After decades of neglect, the topic of infrastructure has enjoyed a recent surge in popularity following seismic shifts in the American political and economic landscape and its central role in the Obama stimulus package. However, there has been little discussion about the role of the architect, if any, in the shaping of our infrastructural future.
This conference, scheduled for November 20, 2009, will consider infrastructure through an architectural lens. Our aim is to ask fundamental questions regarding infrastructure’s definition and scope, while demarcating more speculative strategies for architectural involvement.
We invite papers and projects that consider infrastructure through a broad range of lenses, both historical and contemporary. What can we learn from precedents in which there were sudden ‘bursts’ of infrastructural investment (Olympic cities, for example) versus long-term projects (the Big Dig in Boston)? How can we evaluate global models vs. American approaches? What intersections and overlaps exist between architecture and engineering in the creation of infrastructure today? How can we evaluate “hard” vs. “soft” infrastructure and what are the hidden “suprastructural” ideas at play? How can we think productively about the future of infrastructure and architecture?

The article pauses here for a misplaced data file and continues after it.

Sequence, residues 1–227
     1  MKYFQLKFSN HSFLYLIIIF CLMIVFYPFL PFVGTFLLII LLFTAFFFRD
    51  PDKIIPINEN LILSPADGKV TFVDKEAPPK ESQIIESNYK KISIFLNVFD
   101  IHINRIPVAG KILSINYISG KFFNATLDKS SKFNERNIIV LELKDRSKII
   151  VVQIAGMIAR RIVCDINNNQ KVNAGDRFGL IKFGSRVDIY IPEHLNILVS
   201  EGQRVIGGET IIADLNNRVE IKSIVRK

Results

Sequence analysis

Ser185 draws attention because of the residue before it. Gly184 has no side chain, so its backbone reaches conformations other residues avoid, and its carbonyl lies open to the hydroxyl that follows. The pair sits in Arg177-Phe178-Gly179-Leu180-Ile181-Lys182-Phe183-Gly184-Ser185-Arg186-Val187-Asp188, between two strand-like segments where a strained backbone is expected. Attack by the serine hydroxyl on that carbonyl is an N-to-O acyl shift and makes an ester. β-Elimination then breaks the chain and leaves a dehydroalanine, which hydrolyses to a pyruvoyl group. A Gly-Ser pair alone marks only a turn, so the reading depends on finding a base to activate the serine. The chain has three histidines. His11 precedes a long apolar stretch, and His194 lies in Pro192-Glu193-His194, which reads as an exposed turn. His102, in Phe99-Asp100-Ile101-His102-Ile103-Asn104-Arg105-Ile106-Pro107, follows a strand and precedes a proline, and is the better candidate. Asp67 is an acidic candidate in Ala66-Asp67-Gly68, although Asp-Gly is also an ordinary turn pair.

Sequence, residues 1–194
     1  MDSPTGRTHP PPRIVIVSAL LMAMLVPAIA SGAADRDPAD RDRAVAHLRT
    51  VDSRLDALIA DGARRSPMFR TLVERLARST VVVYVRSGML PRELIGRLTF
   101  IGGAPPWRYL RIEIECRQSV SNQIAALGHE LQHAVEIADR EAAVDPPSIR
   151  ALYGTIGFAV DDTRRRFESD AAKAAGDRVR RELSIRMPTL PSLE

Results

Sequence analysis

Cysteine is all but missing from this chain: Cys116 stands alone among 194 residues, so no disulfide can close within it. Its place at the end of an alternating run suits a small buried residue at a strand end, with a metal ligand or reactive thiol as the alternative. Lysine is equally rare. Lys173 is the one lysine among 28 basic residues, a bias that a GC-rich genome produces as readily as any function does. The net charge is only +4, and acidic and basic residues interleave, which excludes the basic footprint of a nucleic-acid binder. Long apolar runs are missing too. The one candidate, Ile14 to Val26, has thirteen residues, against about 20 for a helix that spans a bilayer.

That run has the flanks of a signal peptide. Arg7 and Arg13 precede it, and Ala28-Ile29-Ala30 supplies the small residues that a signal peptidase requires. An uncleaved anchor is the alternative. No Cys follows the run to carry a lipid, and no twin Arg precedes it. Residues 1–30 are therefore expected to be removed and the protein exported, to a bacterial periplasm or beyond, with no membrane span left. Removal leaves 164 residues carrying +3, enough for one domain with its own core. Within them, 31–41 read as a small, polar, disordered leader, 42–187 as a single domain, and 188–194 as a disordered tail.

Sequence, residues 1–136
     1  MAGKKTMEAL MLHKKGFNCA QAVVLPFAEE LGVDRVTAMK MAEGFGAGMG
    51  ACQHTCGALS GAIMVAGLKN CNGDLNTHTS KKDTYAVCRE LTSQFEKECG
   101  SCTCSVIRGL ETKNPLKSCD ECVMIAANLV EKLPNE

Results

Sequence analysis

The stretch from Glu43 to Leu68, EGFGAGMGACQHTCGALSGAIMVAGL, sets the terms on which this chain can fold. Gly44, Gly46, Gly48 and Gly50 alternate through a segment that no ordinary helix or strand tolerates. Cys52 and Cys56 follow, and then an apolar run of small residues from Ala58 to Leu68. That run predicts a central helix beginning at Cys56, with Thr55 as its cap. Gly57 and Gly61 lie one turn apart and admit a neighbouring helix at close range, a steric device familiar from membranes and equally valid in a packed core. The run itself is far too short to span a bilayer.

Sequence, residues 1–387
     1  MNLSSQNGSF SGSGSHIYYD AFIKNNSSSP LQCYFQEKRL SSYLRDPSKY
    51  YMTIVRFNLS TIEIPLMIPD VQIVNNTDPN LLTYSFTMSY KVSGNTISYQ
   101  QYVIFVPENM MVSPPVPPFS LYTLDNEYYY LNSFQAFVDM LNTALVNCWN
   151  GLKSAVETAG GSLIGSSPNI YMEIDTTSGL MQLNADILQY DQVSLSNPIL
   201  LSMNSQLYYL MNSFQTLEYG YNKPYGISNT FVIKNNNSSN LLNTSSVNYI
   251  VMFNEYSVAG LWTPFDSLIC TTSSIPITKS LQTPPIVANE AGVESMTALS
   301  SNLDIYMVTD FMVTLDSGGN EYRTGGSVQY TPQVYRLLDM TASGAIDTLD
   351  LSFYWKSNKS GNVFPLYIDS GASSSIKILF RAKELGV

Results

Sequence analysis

Abstracts due: June 1, 2009
Submit to: Amanda Lawrence,
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